City in Texas attacked by Akira ransomware gang


Nassau Bay has admitted to having suffered a ransomware attack, leaving more than 8,000 affected.

In a notice to affected clients on November 22nd, Nassau Bay officials explained that there had been a “data security incident that caused the encryption of certain systems and files.”

According to the officials, the attack happened on May 23rd, 2023. An internal investigation showed that “the unauthorized party removed a number of files” from their network, including financial account numbers and credit/debit card numbers in combination with security codes, access codes, passwords, and PINs for the accounts.

Nassau Bay is a city in Harris County, Texas, with a population of 5,347. The Office of the Maine Attorney General states that 8,839 people were affected by the attack. Free credit monitoring and identity theft protection services have not been offered to those affected.

“We have no evidence of financial fraud or identity theft related to this data,” claimed Nathan Burd, a Nassau Bay City Manager.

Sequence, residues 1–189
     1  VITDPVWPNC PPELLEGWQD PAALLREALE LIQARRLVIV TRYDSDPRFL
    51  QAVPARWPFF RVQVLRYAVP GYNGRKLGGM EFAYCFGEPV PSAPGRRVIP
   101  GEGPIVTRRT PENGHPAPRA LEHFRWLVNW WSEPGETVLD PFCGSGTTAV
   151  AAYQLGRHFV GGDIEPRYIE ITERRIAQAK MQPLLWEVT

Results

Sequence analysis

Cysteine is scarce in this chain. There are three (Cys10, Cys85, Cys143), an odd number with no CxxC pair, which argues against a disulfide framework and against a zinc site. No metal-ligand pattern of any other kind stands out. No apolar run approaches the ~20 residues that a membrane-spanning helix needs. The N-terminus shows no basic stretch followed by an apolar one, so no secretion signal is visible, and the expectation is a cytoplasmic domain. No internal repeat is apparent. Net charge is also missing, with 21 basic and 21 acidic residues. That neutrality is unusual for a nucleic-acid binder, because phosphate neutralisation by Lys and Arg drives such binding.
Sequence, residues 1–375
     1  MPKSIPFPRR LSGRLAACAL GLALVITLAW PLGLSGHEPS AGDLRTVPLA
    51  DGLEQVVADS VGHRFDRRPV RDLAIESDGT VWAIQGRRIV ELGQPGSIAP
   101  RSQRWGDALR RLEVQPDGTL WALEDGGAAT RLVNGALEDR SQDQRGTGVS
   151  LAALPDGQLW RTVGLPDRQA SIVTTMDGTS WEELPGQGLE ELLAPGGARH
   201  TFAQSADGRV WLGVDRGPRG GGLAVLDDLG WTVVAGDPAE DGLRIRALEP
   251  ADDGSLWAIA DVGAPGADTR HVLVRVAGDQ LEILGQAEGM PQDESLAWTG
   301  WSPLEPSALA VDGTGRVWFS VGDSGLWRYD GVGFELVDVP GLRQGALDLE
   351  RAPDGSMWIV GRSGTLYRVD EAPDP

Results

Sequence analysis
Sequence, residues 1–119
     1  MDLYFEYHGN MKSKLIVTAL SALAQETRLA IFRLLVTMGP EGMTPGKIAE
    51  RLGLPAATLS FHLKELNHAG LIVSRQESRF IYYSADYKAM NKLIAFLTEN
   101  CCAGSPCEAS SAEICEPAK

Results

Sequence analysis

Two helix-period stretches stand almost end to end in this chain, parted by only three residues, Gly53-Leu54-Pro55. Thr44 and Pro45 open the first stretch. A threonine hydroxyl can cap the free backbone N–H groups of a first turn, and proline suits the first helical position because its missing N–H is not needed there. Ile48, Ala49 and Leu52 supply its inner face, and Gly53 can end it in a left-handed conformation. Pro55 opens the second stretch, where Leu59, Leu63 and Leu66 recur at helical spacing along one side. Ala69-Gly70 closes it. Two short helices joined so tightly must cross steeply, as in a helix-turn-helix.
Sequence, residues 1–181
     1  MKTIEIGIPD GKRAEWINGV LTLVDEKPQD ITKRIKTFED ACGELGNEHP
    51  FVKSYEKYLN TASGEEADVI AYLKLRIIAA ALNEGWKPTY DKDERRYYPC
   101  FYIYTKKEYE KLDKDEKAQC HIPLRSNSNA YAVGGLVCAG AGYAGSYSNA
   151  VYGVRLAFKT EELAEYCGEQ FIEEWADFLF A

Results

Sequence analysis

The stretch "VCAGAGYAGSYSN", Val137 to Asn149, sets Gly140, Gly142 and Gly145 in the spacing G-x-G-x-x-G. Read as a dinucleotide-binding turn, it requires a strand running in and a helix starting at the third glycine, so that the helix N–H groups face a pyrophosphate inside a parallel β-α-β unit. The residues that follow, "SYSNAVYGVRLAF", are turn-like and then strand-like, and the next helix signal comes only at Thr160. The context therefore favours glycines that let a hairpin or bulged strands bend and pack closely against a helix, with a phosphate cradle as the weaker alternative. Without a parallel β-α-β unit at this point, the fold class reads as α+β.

While the notice to the affected residents does not identify who’s responsible for the attack, it was allegedly carried out by a threat actor named Akira. The ransomware gang has listed a 45GB-strong dataset on its DarkNet leak site that allegedly belongs to Nassau Bay.

Akira leak site
Akira leak site on DarkNet

“Nassau Bay is an incomparable community at the leading edge of technology. But being on the edge is dangerous sometimes. The city government says that they don’t have evidence that the personal information has been compromised. We are willing to provide some evidence,” wrote Akira on their leak site.

The gang earlier this month listed Stanford University as the target of a ransomware attack threatening to leak online 430GB of internal data. The university has since confirmed the cybersecurity incident.

Dozens of attacks in the US and Canada

Akira, a ransomware group discovered in March 2023, takes its name from a Japanese cyberpunk manga. According to Ransomlooker, a Cybernews tool that monitors the dark web, in its short existence, Akira has already listed 45 victims, carrying out numerous attacks on organizations in the United States and Canada.

The group follows a consistent modus operandi, demanding ransom payments ranging from $200,000 to $4 million. If these demands are not met, they resort to publishing compromised data online.

In July 2023, researchers at Avast, a cybersecurity firm, released a decryptor for the Akira ransomware used in several incidents. However, it only combats the Windows version of the ransomware. Akira also targets Linux-based systems with a specifically developed strain of malware.